Tucson Daily Citizen from Tucson, Arizona on February 11, 1976 · Page 5
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Tucson Daily Citizen from Tucson, Arizona · Page 5

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Tucson, Arizona
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Wednesday, February 11, 1976
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Page 5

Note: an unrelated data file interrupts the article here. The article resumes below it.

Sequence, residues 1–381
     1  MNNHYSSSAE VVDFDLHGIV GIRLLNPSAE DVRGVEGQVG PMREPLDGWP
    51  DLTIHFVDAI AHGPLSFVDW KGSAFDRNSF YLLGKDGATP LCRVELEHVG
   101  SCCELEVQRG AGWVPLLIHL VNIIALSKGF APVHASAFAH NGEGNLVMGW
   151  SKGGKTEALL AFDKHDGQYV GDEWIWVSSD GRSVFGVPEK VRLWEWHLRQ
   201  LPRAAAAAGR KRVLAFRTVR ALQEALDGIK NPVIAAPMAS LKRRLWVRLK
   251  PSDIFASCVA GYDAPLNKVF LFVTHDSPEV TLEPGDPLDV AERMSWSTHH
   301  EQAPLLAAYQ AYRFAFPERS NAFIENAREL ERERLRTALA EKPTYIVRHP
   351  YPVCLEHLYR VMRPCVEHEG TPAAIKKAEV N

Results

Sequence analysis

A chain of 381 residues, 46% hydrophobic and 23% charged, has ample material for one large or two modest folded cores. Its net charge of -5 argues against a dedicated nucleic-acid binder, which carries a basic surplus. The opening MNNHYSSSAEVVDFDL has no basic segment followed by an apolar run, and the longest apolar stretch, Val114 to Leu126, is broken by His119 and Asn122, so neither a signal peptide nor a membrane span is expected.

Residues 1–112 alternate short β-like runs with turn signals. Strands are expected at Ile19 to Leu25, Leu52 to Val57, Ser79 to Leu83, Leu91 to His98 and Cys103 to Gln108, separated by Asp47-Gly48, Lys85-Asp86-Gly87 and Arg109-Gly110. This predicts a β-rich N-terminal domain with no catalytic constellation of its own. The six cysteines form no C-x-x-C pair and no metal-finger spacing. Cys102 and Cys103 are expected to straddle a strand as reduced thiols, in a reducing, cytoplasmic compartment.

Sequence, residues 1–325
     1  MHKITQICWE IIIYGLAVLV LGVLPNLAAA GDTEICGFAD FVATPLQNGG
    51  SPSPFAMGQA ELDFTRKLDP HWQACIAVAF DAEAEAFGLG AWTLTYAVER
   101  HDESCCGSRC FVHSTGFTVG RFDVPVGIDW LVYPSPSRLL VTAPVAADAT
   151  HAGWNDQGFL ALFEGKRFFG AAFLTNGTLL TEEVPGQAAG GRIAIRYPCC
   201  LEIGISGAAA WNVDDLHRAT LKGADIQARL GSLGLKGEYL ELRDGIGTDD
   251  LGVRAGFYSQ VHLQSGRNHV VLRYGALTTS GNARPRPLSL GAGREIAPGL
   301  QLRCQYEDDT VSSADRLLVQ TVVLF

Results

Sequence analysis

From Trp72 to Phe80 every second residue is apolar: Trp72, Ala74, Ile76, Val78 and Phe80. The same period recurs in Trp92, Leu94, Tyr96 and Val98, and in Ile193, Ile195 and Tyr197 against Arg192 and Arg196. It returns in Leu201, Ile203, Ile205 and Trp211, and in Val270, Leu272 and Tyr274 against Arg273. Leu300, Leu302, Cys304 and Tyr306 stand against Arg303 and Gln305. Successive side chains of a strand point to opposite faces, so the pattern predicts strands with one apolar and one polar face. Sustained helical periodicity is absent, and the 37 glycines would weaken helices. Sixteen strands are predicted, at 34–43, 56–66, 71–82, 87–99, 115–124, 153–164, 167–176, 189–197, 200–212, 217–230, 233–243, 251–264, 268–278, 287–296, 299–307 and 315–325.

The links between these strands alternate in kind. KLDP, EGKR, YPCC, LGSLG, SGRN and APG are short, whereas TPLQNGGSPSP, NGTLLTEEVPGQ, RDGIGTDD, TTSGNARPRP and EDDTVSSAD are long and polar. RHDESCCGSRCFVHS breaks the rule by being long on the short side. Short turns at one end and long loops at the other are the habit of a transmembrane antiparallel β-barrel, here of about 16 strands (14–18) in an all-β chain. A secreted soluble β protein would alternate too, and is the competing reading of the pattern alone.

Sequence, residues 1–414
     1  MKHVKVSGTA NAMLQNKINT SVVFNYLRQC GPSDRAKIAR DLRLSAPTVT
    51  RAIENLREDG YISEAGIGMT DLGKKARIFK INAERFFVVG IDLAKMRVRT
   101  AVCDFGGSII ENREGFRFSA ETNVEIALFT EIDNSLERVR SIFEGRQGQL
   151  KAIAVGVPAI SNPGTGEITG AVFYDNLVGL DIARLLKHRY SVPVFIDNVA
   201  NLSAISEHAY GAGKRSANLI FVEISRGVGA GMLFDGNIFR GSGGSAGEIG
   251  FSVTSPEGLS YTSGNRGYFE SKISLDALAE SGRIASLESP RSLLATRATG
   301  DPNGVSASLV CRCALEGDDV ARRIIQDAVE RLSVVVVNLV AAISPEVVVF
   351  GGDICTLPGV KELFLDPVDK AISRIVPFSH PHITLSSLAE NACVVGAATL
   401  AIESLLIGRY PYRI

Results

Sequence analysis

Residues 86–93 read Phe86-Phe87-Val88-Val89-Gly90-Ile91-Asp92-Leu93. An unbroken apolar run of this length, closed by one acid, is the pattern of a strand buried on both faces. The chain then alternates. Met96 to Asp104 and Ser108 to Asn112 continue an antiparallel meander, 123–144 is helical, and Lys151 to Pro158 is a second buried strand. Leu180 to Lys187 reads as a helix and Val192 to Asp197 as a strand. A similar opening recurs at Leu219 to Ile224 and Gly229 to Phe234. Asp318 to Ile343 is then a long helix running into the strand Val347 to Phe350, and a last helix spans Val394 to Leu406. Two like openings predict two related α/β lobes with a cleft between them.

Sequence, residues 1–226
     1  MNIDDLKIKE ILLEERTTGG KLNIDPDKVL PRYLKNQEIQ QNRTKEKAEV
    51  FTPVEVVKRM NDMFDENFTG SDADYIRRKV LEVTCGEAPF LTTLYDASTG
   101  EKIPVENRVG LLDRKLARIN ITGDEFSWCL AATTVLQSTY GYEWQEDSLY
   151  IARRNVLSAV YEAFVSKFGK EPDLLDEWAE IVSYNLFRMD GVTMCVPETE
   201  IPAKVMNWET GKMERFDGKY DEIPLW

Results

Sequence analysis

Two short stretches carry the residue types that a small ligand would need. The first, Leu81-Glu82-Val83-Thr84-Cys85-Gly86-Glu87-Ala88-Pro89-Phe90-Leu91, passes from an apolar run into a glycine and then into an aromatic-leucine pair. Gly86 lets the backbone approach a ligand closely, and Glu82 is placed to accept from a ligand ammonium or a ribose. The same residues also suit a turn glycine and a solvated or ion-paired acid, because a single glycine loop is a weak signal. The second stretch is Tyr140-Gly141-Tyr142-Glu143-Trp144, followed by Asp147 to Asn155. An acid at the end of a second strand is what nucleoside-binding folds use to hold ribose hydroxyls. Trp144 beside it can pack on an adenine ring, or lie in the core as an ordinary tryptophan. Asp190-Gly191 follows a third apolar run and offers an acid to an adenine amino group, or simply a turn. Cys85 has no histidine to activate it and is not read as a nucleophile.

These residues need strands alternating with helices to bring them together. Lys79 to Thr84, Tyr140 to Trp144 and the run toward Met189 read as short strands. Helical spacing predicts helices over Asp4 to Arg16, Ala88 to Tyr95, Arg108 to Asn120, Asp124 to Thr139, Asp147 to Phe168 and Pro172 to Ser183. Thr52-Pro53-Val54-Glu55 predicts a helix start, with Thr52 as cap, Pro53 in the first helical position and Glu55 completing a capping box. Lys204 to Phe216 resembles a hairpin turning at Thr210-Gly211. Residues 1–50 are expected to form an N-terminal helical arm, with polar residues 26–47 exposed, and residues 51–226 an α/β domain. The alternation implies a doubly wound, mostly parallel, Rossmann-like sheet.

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1976 T U C S O N D A I L Y C I T I Z E N proposal argued Drawbacks, benefits cited WASHINGTON (UPI) _ Health, Education and Welfare Secretary David Mathews today described President Ford's Medicare reform proposals as compassionate, but a congressional opponent said the plan was actually a hoax against the elderly. Under Ford's proposal, Medicare payments to doctors and hospitals would be limited, 25 million elderly and disabled persons would be charged more for their health care next year, and an estimated three trillion Medicare beneficiaries would be protected from catastrophic medical costs. In the administration's first appearance before Congress to describe the proposal, Mathews told a House Ways and Means subcommittee "there are indeed features (in the plan) that are compassionate." But Rep. William Cotter, D- Conn., a subcommittee member, responded by saying "it's really a hoax you are perpetrating on those people who can least afford it." If the President wanted to save money in the Medicare health insurance program, he shouldn't advertise it as a plan offering additional coverage for the elderly and disabled, Cotter said. "I don't see how you can sell it that way," Cotter told Mathews. The administration should admit that what it wants to do is to "take $1.3 billion away from these people." The $1.3 billion estimate is the net additional out of pocket costs for Medicare recipients under Ford's plan. In prepared testimony and during questioning, Mathews defended the proposal as an attempt to reduce by one-third an anticipated 23 per cent increase in Medicare spending for fiscal 1977. Economist TGE requet T PAGE-5 nps By JOHN BRET HARTE Clllwn Business Wriler Tucson Gas Electric Co. needs only about one-third of the $20.4 million rate increase it wants, says an economist hired by the city government. Charles E. Olson, an economic consultant from the University of Maryland, testified yesterday at the Arizona Corporation Commission hearings on TGE's rate increase request that the utility can remain "financially healthy" with a rate hike of about $6.9 million. Such an increase would raise the rates of TGE's "average residential customer" by about $1.65 per month, instead of the $4.97 that would result if TGE's $20.4 million proposal were approved by the commission. Olson, who was hired by the City of Tucson to testify at the hearings, used figures supplied by the Corporation Commission staff to determine the additional revenues the company needs. Applying his revenue formula to the higher figures TGE uses, Olson would have come up with about 515 million as the amount of additional money the company needs, said Thomas D. Morron, TGE public information director. John K. Langum, a Chicago economist hired as a Corporation Commission staff witness, told the commission earlier in the hearings that he believed the company needs $16.6 million in additional revenues in order to continue borrowing capital for expansion in the national money markets. TGE attorney Stephen Edwards spent much of yesterday's" 'session attacking Olson's method of determining the company's money needs and his judgment as to the growth potential investors expect from TGE. Edwards claimed that the 4 to 4y 2 per cent growth figure Olson said investors expect TGE to achieve each year is lower than the utility's actual growth any time within the past five years. Olson insisted that his projection is correct, although he said that he had not asked large corporate investors how they expect the utility to behave. Olson admitted under cross- examination that he never has appeared at a rate hearing to testify for a utility. In the 35 rate cases in which he has testified, his clients always have been e n v i r o n m e n t a l groups, cities and federal agencies, he said. Olson testified for the city in TGE's 1974 rate hearings. He said TGE cannot be compared with other utility companies because of its "remote" location, rapid expansion in the past, the conversion of its electrical generation from oil to coal and the problems that plagued its management prior to 1974. Olson said he arrived at his $6.9 million figure by analyzing TGE's costs of debt. He criticized findings of other economists who derived higher revenue requirement figures by comparing TGE with other utilities. Court dismisses lawyer charges Charges have been dismissed in Justice Court against a Tucson attorney arrested last year for allegedly assaulting a University of Arizona policeman with his automobile. Douglas H. Clark Jr. had faced charges of simple battery, failure to yield to an emergency vehicle and having no driver's license in possession after the October incident. Visiting Justice of the Peace Gilbert Soto of Nogales threw the case against Clark out of court yesterday, contending that the county attorney's office had failed to adequately move for prosecution. The prosecutor's office had unsuccessfully asked for a delay i:i Clark's trial because the assistant county attorney who was to handle the case was ill. The UA officer, Thomas Corbin, stated Clark failed to move his vehicle aside as the officer sped with his patrol car's emergency lights flashing to a three-car accident on North Highland Avenue. Corbin added that after he had managed to pass Clark by pulling into the oncoming lane of traffic, he encountered the attorney again at the accident scene. Corbin claimed Clark questioned his authority to direct traffic at the off-campus accident, and allegedly bumped into Corbin three times with his automobile. Corbin said he jumped on the hood until other officers arrived. Clark originally faced a more serious aggravated assault charge, but that was reduced to a misdemeanor battery charge by the county attorney's office. If you're dead, don't bother S A C R A M E N T O , C a l i f . (DPI) -- Sacramento County is requiring its retired em- ployes to fill out a new government form to verify that they are still alive. The retirees every July 1 must fill out the "certificate of existence," which will be used to establish that beneficiaries are still living and thus eligible for pension benefits. O'ODHAM TASH All Indian Row Wow FEB. 13,14,15 16 FRI., SAT., SUN., MOM. In Casa Grande · Parade sat., ret. u, 10 a.m. Sun., Feb. 15,12 Noon · Barbecue s*\., rit. u 11:00 a.m. Peart Park Indian Ceremonial Dances sai., Feb. H 9 Famous Indian Dancing Groups. Halinee 2:00 to 4:00, Evening 5:00 lo 7 p.m. - Sun. - 2 p.m. 0 Night of the Aztec MeiieoCitfArlislsatCG Junior High School, 7 p.m., Fii. · Indian Arts Crafts Continuing Demonstration of Indian Arts and Cralls. Silversmiths, Sand Painting, Basket Weaving. Indian Artists. % All-Indian Rodeo Starts 1:30 p.m. Saturday, Sunday I Monday, Feb. 14,15116 Casa Grande Rodto Grounds CASA GRANDE Midway B«tw»«n Pho»nix and Tucson on 1-10 Tubac inn fate dark The Tubac Inn has been ordered to remove a flashing red light perched on its roof. The inn has aroused the anger of residents in the small town because it features scantily clad go-go dancers. At a trial in Nogales yesterday, Santa Cruz County Justice of the Peace Gilbert Soto ruled that the light violated county zoning restrictions. A court official said today if the inn appeals the decision, it can keep the light pending the appeal. The owner of the inn could not be reached today for comment on whether he planned to appeal. The official said another trial has been scheduled for March 2 on a charge that the light violates state law as a distraction to motorists. Residents of Tubac, populated mostly by artists and retirees, about 45 miles south of Tucson, say they are annoyed by the light, which reflects off some homes at night and lures truckers and other motorists off the Nogales Highway to the inn. Tempe doctor named as regent PHOENIX (AP) -- Dr. Wil- Ham G. Payne, a member of the Tempe Elementary District School Board and a local physician, has been appointed to the Arizona Board of Regents by Gov. Raul H. Castro. Payne, a Democrat, is a former president of the Arizona Medical Association, the Arizona State University Alumni Association and the Arizona School Boards Association. He also served as president-elect of the National School Boards Association, but declined to serve as president because of the pressures of his private practice. Payne, 61, graduated with high distinction in 1935 from Arizona State Teachers College, which later became ASU. He was a health education and science teacher at Phoenix Union High School from 1935 to 1939. He describes himself as a moderate conservative fiscally and politically, but a liberal "in education processes." "I'm attuned to innovation," he said, adding that the attribute particularly applied to the university because "1 don't like pouring people into a mold." At the same time, Payne said he's concerned about the difficulty universities have in attracting good faculty members when money is tight. He also said he feels it's necessary to keep the faculty available to students through a reasonable faculty-student ratio. The terms of Regents Margaret Christy of Sedona and Dr. Paul Singer of Phoenix expired last month. Castro earlier announced the appointment of Tom Chandler, a Tucson attorney, to fill one of the vacancies. Both appointments are subject to confirmation by the State Senate. VALENTINE if-. RUBY WITH TWO DIAMONDS 10K YELLOW GOLD RING 3995 LHELZBERGJ STEWART SANDWICHES For Our ARIZONA Customers 51 00 REFUND MAIL IN OFFER Worth 41 QOwilh 3 Prools ol Pure has SEND MY SI.00 REFUND TO I I I 'I I I I S t a t e S T E W A R T S A N D W I C H E S P C tJo* ND-lrt? EI P.IM i l«'-a:, .'^^7' V ' ! U S A S U t l | R C l 10 ninsi accompany OFFER E X P I R E S A U G U S T 3 1 . 1976 I I · I Shop with us in Ihe Park Mall at Broadway and Wilmot, 10 to 9 Monday-Friday, 10 to 6 on Saturdays, 12 to 5 on Sundays, and use your Diamond's charge. Master Charge. BankAmericard or American Express' valentines day is february 14 Renauld's 2-toned sunglasses come with a beautiful scarf She'll be looking at the world through color-keyed glasses in a pair of Renaufd's scratch-resistant shades. The sunlenses are toned to match their frames and if you buy her a pair ($10 or more) before next Monday, you'll receive a complimentary printed scarf for neck or head wrapping that you can give her too. Styles shown $10 each. Neckwear Gold filled necklaces from Coro A dainty gold-filled necklace on a delicate chain will brighten her neckline and her day. Choose from 9 different shiny designs, $6.50 each. Fashion Jewelry Digital quartz watch by Microma He'll enjoy being the owner of a two- ounce precision computer that snaps on his wrist. It tells him the time in hours and minutes, and with a push of a button, the seconds as well as today's date. It even lights up for a quick time check at night. In gold-tone ($69.95) or stainless steel ($59.95). Fine Jewelry Phillipe natural leather shoulderbag Give her something soft -- an all leather handbag with 3 separate sections and a front pocket to tote her worldly goods around in. With a front snap to keep what's inside from falling out. In warm earth tones, $22. Handbags diamond's »